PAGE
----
// Interval ended - update GUI text and start new interval
    if( timeleft <= 0.0 )
    {
        // display two fractional digits (f2 format)
	float fps = accum/frames;
	string format = System.String.Format("{0:F2} FPS",fps);
	guiText.text = format;
 
	if(fps < 30)
		guiText.material.color = Color.yellow;
	else 
		if(fps < 10)
			guiText.material.color = Color.red;
		else
			guiText.material.color = Color.green;
	//	DebugConsole.Log(format,level);
        timeleft = updateInterval;
        accum = 0.0F;
        frames = 0;
    }
}
}

Boo FPS_Display.boo

A Boo implementation of the above converted by Philbywhizz.

import UnityEngine
 
class FPS_Display (MonoBehaviour): 
 
    public updateInterval as single = 0.5
 
    private accum as single = 0 // FPS accumulated over the interval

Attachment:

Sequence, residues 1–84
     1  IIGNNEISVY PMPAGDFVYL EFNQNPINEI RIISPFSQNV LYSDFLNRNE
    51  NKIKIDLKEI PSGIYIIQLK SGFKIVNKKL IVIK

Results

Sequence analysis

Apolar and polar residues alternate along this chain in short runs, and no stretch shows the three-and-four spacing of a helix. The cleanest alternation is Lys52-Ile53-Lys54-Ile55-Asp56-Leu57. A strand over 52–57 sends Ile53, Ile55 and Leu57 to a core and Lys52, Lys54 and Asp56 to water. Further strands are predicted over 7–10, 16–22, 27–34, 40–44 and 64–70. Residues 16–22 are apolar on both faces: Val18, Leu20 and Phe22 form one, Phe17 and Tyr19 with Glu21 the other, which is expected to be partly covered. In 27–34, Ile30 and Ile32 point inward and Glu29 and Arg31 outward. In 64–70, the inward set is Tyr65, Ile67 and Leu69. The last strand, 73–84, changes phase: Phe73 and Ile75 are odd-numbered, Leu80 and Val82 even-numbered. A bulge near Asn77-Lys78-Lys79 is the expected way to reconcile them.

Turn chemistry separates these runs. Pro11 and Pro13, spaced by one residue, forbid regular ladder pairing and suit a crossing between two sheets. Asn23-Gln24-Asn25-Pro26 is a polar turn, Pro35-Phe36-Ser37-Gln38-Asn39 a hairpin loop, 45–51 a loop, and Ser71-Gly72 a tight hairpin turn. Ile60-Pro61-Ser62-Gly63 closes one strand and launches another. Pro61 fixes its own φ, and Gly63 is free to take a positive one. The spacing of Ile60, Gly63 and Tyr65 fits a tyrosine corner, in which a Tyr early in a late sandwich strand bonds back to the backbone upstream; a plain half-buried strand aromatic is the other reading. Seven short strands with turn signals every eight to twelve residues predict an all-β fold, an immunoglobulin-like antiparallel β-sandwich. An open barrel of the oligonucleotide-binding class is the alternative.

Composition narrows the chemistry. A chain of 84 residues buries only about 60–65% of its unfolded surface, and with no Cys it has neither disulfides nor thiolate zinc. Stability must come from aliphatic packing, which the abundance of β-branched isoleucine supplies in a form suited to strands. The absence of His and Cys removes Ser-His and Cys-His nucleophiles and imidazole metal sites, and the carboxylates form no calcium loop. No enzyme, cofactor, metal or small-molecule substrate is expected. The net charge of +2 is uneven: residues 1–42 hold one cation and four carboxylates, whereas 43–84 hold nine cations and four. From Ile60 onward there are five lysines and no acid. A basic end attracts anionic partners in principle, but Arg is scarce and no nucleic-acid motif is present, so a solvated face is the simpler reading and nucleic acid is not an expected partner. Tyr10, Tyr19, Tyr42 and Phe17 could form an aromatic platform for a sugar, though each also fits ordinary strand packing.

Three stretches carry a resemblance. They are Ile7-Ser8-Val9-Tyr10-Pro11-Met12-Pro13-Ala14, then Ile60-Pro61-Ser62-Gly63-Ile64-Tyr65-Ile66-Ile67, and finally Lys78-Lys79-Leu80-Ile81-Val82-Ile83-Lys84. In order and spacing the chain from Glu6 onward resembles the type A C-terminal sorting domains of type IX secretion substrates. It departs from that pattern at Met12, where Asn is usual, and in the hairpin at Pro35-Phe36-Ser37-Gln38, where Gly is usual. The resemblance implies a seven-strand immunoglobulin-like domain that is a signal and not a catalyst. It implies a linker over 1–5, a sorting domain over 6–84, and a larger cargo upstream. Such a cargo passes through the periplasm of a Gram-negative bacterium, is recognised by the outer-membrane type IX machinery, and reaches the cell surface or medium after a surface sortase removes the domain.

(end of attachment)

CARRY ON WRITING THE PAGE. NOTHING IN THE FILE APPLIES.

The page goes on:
private frames as int = 0 // Frames drawn over the interval
    private timeleft as single // Left time for current interval
 
    def Start ():
        if(not guiText):
            Debug.Log("FPS Display needs a GUIText component!")
            enabled = false
        timeleft = updateInterval
 
    def Update ():
        timeleft -= Time.deltaTime
        accum += Time.timeScale/Time.deltaTime
        ++frames
 
        if (timeleft <= 0.0):
            fps = accum/frames
            format = System.String.Format("FPS: {0:F2}", fps);
            guiText.text = format
 
            if(fps < 30):
                guiText.material.color = Color.yellow
            elif(fps < 10):
                guiText.material.color = Color.red
            else:
                guiText.material.color = Color.green
 
            timeleft = updateInterval
            accum = 0.0
            frames = 0

Other CSharp HUDFPS.cs

I didn't know where to submit that script, so here it is. I was looking fo a script to display and found those above. But I noticed they could be improved, so here is what I came with. If it is needed, I can do the conversion to javascript and boo.

using UnityEngine;
using System.Collections;
 
[AddComponentMenu( "Utilities/HUDFPS")]
public class HUDFPS : MonoBehaviour
{
	// Attach this to any object to make a frames/second indicator.
	//
	// It calculates frames/second over each updateInterval,